The Ultimate Guide to Moving Off-Campus

By Brittany Hawes on January 20, 2018

Congratulations! You’re finally moving off-campus and out of the dorms! After spending a year or two in a cramped dorm room, it’s time to break away from the days of having to share the limited amount of space you have with three other people. No more cramming all of your bathroom belongings into a single carry bag every morning before class and no more being forced to wait to get into the bathroom because your roommate simply cannot take less than an hour in there.

That’s right; no more fighting over who gets to be in the room with their boyfriend or girlfriend or who gets to play video games or play their music at certain times of the day! It’s time for you to get your own room and your own bathroom and have your very own space next semester. Go ahead and let it all sink in because, as unreal as it may seem, you are finally stepping into the great, wide world known as moving off-campus.

moving off-campus

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You might be a little nervous about moving and that’s okay! It’s always scary starting over new. Just think about how nervous you were when you first moved into the dorms. Just like you faced the challenges of living in a dorm, you’ll have to take on a few new challenges when you move away from campus. Moving off-campus means that you’re going to have to start taking care of your own bills, which might be a first for many college students.

You’ll also be away from a lot of the people that you’ve gotten to know while living in the dorms. You might feel a little lonely, especially if you end up rooming with people that you don’t know or moving into an apartment with people who were roommates before you signed the lease. The dining hall won’t be right next door and you’ll have to start doing some serious grocery shopping and budgeting your money. You’ll be in a place where not everyone around you is going to be a student.

Although these things might seem intimidating, you’ll soon find out that there are ways to get past them all and even have a better time living off-campus than in the dorms.

With all of that being said, where exactly does one start after making the initial decision to move off-campus? Like all big life changes, moving off-campus is going to involve a lot of planning as your first step.

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Finding a Place

After you’ve decided you’re going to be staying off-campus next semester, the next big decision is where are you going to be living at? Remember, the only place you need to stay at is the one that is going to meet your necessary needs to live comfortably and feel safe. This is going to call for some research. Don’t just settle down at your computer, find a place that looks nice and think, “well, that will do.” This place is going to be your new home for the next six months or so, depending on how long the lease is.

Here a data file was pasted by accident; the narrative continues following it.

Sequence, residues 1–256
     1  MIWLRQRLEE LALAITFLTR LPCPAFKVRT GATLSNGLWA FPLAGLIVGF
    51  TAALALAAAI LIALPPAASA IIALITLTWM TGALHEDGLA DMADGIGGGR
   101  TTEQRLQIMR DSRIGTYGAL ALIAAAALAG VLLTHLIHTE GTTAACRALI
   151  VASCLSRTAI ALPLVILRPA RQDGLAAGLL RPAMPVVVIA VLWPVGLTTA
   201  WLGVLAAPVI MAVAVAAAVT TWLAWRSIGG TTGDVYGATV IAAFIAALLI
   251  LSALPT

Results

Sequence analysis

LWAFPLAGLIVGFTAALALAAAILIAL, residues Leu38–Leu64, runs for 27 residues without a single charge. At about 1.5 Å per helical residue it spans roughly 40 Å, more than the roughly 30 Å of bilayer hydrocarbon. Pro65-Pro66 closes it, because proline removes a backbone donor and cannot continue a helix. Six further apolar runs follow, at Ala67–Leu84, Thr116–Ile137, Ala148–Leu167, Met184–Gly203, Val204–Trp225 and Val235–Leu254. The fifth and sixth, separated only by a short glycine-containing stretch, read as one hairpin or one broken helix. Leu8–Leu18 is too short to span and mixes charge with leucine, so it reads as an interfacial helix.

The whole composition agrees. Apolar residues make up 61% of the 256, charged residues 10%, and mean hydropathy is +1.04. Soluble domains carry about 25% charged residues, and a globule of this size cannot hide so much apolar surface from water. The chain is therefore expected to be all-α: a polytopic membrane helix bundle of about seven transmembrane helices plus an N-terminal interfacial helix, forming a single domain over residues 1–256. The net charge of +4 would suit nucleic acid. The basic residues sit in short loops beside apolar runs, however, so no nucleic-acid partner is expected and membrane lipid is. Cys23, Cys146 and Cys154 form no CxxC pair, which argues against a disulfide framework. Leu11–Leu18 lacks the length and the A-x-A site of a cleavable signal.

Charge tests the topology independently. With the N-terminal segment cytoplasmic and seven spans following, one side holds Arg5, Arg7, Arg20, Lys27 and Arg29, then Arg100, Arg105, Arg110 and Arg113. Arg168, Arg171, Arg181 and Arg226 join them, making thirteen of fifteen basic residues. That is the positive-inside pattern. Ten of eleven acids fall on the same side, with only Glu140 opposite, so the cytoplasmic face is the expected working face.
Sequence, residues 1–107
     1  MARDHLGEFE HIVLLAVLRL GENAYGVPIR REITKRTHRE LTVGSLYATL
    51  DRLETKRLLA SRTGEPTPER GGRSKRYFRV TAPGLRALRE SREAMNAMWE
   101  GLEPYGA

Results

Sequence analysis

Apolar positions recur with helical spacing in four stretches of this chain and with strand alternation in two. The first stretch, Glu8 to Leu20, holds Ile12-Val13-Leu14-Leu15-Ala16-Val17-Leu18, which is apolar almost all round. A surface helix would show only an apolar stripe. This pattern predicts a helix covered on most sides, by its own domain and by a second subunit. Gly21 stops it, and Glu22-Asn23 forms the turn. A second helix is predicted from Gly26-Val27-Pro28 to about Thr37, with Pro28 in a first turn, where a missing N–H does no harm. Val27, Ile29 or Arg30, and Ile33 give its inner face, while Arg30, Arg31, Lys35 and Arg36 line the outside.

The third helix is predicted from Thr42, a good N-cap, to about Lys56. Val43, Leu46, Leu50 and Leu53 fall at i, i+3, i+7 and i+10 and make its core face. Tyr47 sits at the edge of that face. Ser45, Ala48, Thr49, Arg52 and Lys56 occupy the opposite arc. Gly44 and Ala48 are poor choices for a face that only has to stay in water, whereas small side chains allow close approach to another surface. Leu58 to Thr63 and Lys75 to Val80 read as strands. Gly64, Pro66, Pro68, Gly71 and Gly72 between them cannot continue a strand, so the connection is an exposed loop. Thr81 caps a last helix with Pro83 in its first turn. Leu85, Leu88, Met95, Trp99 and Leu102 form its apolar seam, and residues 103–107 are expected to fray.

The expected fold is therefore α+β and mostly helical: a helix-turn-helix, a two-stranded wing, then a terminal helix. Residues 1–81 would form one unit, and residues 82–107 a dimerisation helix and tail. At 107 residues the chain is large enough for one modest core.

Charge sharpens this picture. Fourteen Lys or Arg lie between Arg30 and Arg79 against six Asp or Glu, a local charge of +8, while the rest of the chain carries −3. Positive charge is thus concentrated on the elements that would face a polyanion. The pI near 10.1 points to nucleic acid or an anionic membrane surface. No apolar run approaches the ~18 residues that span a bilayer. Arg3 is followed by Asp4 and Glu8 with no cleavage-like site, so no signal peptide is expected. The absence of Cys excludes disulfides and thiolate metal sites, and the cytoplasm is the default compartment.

That’s one of the things you should be looking at when you decide to move off-campus. Just how long is the lease going to be and how long will you need it to be? If you want to go back to your hometown for the summer, it might be beneficial for you to look at renting a place that has a six-month-long lease instead of a 12-month-long one. If you do plan on staying for the whole 12 months or if you don’t want to risk losing your spot to another interested party after coming back from the summer, it might be better for you to go ahead and sign a 12-month lease and then sublease during the summer months. After you’ve made a decision on the amount of time you’ll be living there, you’ll have helped to narrow down your list of options on where you’re going to live.

One of the most important factors to take into account when you’re moving is the location. Some questions to ask yourself are:

  • How far do I want to be from campus?
  • What transportation will I have to take in order to get to school each day?
  • Will alternative transportation be available nearby if I don’t have a car to use?
  • Is the bus an option?
  • Is the location I’m thinking of living in a safe area?

There are some tools you can use to check out how safe your neighborhood really is.

Another thing to look at is your price range. How much can you afford to pay each month for rent? If you’re going to have a job, think about how much you’ll be able to spare from your paycheck that you can put towards rent every month and still have enough left over for groceries, utilities, and hobbies. If your parents are going to be paying for your rent, you’ll need to sit down with them and see how much they’re willing to pay for your rent every month so you’ll know which houses and apartment complexes you need to be looking into and which ones might be a little too expensive.

Alright! You have your price range figured out. Now the next step is to decide what kind of place you want to rent. For college students, some of the most common choices for rental housing are:

  • Student apartment complex
  • Private apartment complex
  • House
  • Duplex

A student apartment complex is an apartment complex that is typically only rented out to students and advertises heavily to the college student population. These complexes usually have free Wi-Fi, access to their pool and gym equipment, and oftentimes will have a bus stop nearby that students can use to get to school. Usually, the units are split into 4 bedrooms with 4 private bathrooms, 2 bedrooms with 2 private bathrooms, a studio, and sometimes 1 bedroom with 1 bathroom. Every unit is different, however, so you should always check and see what the space is like in person.

Student apartment complexes will usually try to get their tenants socially involved with one another by throwing free pizza and pool parties as well as offering fun sports and video game tournaments. If you want to move off-campus but would like to still live in the vicinity of other students, consider doing some research on student apartment complexes.

Rent is usually divided into separate payments for each tenant in the unit and the kitchen facilities are shared.